Ever noticed how being a parent makes you a kind of Jack-of-all-trades? Kids will have you trying to do things you would have scoffed at in a previous life. I think it comes from their misled believe that their parents can do anything. Nothing gets you trying new things like someone who looks up to you telling you that you can. That’s pretty much how I started making homemade marshmallow fondant.
My cake making days started with my son’s second birthday. He was all about Thomas the Train, so I use some of the wooden tracks from the trainset we’d gotten him for his birthday and made a mountain out of chocolate cake with hot fudge running down it and green icing for the grassy area. I realized then that icing wasn’t my forte.
Now, I could spread frosting. That was easy enough, but anything that required technique was fruitless. So, I thought about practicing. Everyone gets better with practice, right? I can frost cupcakes using a piping bag, and that is about the extent of my piping abilities.
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And then I found a YouTube video about making fondant. I don’t particularly like the taste of fondant, although this recipe does taste way better than a lot of them. But I love working with fondant. It’s very much like working with playdoh, and as a kid, it didn’t get any better than that.
The only thing I don’t like about store-bought fondant is the price, and it’s probably some of the worst as far as taste. That’s why I started making my own. I’ll admit that my first few attempts didn’t taste that great, kind of like chewy, overly-sweet marshmallows. But with the addition of a few extra ingredients, I have to say that this fondant recipe tastes pretty good.
The difference between my recipe and most marshmallow fondant recipes is that I add butter (real butter, not spread), light Karo syrup, and extract. Unless your five you probably don’t like eating marshmallows. Unless they’re roasted over a fire. That’s totally different. Regular old marshmallows aren’t that great, though. That’s why I use this more flavorful recipe so that it doesn’t detract from the flavor of my cake.
Before I get into the how of making fondant, I want to share a few tips that I’ve learning on my cake-making journey.
As for the extract, the sky’s the limit. There are a bunch of different options of extract and flavor emulsions at most grocery stores these days. Just remember that the base of the fondant will be marshmallows. But, if the various flavors I’ve seen come from Jet-Puffed are any indication, there are tons of combinations that work well with basic marshmallow flavor. Just make sure it also works with your cake flavor.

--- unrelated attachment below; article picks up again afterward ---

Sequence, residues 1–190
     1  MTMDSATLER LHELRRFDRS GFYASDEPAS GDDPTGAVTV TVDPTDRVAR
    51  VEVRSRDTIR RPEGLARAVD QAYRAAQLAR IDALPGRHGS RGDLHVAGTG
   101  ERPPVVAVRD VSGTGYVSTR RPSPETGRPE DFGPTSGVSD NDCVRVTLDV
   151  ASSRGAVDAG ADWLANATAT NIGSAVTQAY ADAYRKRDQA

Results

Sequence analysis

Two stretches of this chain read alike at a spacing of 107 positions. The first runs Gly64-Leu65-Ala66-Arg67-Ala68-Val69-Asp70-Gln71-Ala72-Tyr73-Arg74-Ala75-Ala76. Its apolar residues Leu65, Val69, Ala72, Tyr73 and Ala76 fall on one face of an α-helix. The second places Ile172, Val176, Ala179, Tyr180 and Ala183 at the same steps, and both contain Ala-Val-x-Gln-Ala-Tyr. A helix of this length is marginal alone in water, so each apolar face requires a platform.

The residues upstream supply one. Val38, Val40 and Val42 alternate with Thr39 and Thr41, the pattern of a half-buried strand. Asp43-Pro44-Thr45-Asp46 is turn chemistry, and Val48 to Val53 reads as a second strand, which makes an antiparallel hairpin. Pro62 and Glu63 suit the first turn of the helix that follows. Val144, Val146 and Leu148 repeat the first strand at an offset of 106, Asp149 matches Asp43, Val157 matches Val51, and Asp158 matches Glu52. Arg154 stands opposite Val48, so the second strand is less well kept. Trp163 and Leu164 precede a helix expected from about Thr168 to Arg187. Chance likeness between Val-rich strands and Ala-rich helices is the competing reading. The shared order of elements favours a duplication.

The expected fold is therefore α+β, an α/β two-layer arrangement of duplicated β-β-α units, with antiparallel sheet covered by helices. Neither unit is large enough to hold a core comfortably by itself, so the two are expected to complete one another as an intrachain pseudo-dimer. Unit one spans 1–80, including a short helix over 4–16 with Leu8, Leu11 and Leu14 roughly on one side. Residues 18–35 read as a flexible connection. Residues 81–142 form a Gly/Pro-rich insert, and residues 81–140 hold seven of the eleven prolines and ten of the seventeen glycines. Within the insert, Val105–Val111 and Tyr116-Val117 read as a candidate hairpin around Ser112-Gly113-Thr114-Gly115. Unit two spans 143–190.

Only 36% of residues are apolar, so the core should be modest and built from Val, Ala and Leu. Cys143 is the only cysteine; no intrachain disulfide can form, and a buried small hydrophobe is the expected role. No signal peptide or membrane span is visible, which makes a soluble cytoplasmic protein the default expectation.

Another option is that you could use flavored marshmallows from the beginning. Just keep in mind your colors. Most flavored marshmallows are a coordination color to that flavor. (i.e., green=lime, pink=strawberry, etc.) If you use green marshmallows and try to dye them baby pink, you might end up with a brown color.
Don’t Skimp on the Crisco
Grease everything with shortening to prevent sticking. I grease the bowl before melting the marshmallows and the spoon that I stir it with. Then when I begin the kneading stage, I’ll grease my hands.
Sift Like You’ve Never Sifted Before
Sift, sift, sift your confectioner sugar. I can’t stress this enough. If you don’t, you’ll end up with lumps in your fondant. I don’t care if you buy the most expensive brand of powdered sugar it’s almost guaranteed that there will be at least a few lumps in it.
Cornstarch Isn’t Just For Thickening Stews
Use Cornstarch instead of confectioner sugar to flour your surface. You could use a combination of the two, but cornstarch is your best bet. When I first started making fondant, I thought it made more sense to use powdered sugar, but after using cornstarch, I learned my lesson. Cornstarch cuts down on the stickiness, allowing you to work with the fondant easier.
Now that I’ve given you a few options and warnings let’s get to making this goodness.
You’ll start by sifting a full bag of confectioner sugar and have it ready to add to your marshmallows as soon as they are melted. Next, melt 2 tablespoons of butter. Put a bag of miniature marshmallows in a large greased bowl and add the melted butter and 2 tablespoons of Karo syrup. I use the Karo because it adds more flavor, but you can skip it if you’d like. Instead of Karo, add 2 tablespoons of water. Give it a good stir to coat as many marshmallows as possible.
Melt the marshmallows at 30-second intervals, stopping to stir them before putting them on for another 30 seconds. As soon as they are fully melted add your extract and stir it in. Then immediately start adding the sugar, a couple of cups at a time. You don’t have to be precise, just don’t pour all the powdered sugar in at once.
Keep adding sugar until you’ve gotten it all worked in. At this point, the fondant should be forming a gooey ball. If it’s too hard to stir, but not all the sugar is mixed in, forgo the spoon and break out the hands. Don’t forget to add a nice layer of shortening to your hands before you dig in. Mmm…nothing like hands covered in Crisco. Try not to gag.
(Sorry. I forgot to get a picture before I started coloring it.)
Once the sugar is worked in, dump the fondant out onto a clean surface coated with cornstarch and begin kneading. You shouldn’t have to work with it too much more unless there is still some sugar to work in.
Now, you should have a nice ball of white fondant (unless you used colored marshmallows.) Here’s the recipe.
I’ll be writing a post about how to color your fondant soon so check back for more tips. Or, even better, sign up for my newsletter, so you never miss a post. Here are some pictures of cakes I’ve made with this fondant recipe. Please remember that I’m an amateur baker who just makes cakes for her kids.